Something else I learned last year that I am re-learning right now is having a family, while incredibly rewarding, is also incredibly difficult.  Balancing the wants and needs of a big group of people while also keeping everyone’s best interests at heart definitely poses a challenge: whether it’s making sure I gave enough attention to each of the three wonderful German children or engaging equal amounts with each of my 20 Rwandan teenagers and not just the better English speakers. 

Another thing about families is that sometimes they don’t work out.  My Rwandan Mama is currently in the US visiting her daughter and won’t be back until next term.  My Big Sister has left the Village and won’t be back except to visit.  That happened in the middle of exam week and in the middle of a service group.  Needless to say, taking on both of their roles has been a bit tiring.  But I’m here for the students, and what an incredible group of young women they are.  Even though our family feels a little lacking right now, we still stick together.

I’m incredibly grateful for all of the families I’ve become a part of over the years – whether they be Brasilian, German, or Rwandan.  I’m also quite lucky that my family of origin happens to be pretty rocking.  I miss your crass commentary, our dumb diatribes, and of course your jokes and your love.  Shout out to all the families around ☺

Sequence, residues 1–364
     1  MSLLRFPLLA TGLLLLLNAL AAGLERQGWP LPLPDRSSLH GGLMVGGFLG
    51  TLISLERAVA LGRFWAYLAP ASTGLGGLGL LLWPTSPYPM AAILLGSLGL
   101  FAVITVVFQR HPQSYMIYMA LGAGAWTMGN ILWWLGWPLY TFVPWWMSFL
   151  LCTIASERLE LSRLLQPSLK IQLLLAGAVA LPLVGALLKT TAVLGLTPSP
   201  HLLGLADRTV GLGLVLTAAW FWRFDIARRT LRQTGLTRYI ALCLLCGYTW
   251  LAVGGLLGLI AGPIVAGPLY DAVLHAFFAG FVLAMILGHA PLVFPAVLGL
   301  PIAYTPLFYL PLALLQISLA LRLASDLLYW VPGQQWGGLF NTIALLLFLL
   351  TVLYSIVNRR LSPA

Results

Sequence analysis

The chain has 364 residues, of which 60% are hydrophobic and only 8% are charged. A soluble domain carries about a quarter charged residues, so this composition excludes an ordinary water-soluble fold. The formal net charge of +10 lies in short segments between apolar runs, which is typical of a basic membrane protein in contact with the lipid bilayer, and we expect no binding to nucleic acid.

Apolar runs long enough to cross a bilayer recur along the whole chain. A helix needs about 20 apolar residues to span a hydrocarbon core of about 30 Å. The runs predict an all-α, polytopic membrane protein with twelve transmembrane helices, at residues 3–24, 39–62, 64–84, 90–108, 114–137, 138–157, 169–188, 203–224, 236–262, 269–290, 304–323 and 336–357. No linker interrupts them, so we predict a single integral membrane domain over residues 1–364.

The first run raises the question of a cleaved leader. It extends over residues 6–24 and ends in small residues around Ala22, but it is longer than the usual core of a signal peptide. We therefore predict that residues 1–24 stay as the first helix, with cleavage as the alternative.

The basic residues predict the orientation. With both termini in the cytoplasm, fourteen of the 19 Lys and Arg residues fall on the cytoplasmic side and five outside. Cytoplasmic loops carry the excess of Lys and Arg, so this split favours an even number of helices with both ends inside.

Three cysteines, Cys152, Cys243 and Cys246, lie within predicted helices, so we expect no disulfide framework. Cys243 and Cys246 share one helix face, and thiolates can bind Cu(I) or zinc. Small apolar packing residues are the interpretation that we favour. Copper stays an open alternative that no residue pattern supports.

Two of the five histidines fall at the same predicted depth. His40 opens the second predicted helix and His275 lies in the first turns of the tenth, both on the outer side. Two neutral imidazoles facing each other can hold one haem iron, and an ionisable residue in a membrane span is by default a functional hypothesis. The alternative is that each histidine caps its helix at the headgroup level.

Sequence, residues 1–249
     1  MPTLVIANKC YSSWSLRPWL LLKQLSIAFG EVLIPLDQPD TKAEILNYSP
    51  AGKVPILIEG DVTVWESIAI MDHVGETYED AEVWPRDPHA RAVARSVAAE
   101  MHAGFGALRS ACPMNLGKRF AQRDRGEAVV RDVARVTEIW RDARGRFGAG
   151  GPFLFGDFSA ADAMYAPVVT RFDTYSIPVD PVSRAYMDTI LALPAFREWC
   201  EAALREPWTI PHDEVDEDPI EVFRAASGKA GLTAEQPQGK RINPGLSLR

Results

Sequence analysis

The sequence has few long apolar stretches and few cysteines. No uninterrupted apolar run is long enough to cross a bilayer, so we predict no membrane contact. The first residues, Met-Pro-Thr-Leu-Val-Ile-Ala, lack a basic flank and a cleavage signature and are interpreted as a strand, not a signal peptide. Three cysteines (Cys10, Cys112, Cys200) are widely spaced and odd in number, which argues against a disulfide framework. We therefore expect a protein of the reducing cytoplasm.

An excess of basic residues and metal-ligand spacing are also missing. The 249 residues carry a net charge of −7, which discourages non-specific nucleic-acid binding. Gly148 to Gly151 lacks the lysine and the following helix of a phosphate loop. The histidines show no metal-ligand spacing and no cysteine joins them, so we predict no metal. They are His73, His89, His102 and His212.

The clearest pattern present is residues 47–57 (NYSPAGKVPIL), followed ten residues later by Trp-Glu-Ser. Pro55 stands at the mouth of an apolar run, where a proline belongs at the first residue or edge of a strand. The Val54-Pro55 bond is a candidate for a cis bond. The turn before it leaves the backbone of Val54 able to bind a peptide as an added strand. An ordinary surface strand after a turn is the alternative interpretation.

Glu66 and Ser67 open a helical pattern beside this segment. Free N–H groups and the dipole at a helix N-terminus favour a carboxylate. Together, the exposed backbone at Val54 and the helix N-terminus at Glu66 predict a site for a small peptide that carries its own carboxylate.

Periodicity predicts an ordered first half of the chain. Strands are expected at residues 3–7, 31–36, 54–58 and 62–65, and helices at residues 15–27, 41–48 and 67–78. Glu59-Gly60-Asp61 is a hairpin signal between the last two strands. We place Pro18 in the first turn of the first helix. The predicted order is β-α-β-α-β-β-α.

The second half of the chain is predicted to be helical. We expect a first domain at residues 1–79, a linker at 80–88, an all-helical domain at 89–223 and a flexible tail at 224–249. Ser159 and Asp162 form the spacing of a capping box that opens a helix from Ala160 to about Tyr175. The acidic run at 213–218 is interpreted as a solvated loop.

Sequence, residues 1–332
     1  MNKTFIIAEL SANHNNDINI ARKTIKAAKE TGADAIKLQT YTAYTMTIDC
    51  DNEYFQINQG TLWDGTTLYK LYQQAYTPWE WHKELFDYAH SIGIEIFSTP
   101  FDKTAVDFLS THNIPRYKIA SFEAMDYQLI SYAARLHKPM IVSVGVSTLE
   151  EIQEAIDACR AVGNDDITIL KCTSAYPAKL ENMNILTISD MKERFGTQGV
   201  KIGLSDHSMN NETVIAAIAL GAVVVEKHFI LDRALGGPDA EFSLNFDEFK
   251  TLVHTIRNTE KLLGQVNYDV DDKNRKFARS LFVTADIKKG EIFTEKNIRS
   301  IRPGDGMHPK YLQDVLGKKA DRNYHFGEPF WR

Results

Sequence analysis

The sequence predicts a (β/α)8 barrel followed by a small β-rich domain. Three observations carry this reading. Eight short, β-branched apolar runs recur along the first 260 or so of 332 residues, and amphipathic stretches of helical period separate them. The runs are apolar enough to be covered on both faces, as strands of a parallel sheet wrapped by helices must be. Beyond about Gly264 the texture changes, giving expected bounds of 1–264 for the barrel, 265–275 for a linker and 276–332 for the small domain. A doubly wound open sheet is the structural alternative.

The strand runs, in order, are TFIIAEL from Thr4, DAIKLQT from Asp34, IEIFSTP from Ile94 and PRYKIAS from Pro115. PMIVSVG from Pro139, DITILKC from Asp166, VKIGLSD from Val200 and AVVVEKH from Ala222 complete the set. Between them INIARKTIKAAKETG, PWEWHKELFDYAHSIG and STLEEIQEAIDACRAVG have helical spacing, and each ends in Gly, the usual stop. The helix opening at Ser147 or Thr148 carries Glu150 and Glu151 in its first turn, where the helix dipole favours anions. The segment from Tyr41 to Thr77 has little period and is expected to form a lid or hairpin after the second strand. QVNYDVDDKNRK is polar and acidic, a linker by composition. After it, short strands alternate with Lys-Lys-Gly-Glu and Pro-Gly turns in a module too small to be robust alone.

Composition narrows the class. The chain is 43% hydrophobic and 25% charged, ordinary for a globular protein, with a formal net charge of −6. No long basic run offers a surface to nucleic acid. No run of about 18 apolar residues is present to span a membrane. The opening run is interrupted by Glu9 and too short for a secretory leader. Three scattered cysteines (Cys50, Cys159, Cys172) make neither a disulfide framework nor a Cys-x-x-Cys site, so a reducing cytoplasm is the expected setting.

The day we became a family!

The day we received our name - Gandhi!

Tuesday, March 14, 2017

goats & sunsets

It’s been awhile since I’ve felt “inspired” (or maybe “motivated” is the better word) to write.  My first service group came and went, I traveled to Israel for JDC Mid-Year Seminar, and now I’m about to have another service group.  That pretty much sums it up.  In between I turned 23 (yay?), read a couple of books, and ate approximately 6 mangos and 4 pineapples.   I’ve also started to accept that at the end of the day, even though I do love it here, it is just a job.  We have plenty of paperwork to complete and emails upon emails upon emails, but there are also the little moments of pure joy.  I don’t just mean seeing baby goats or a beautiful sunset, but meaningful conversations with people.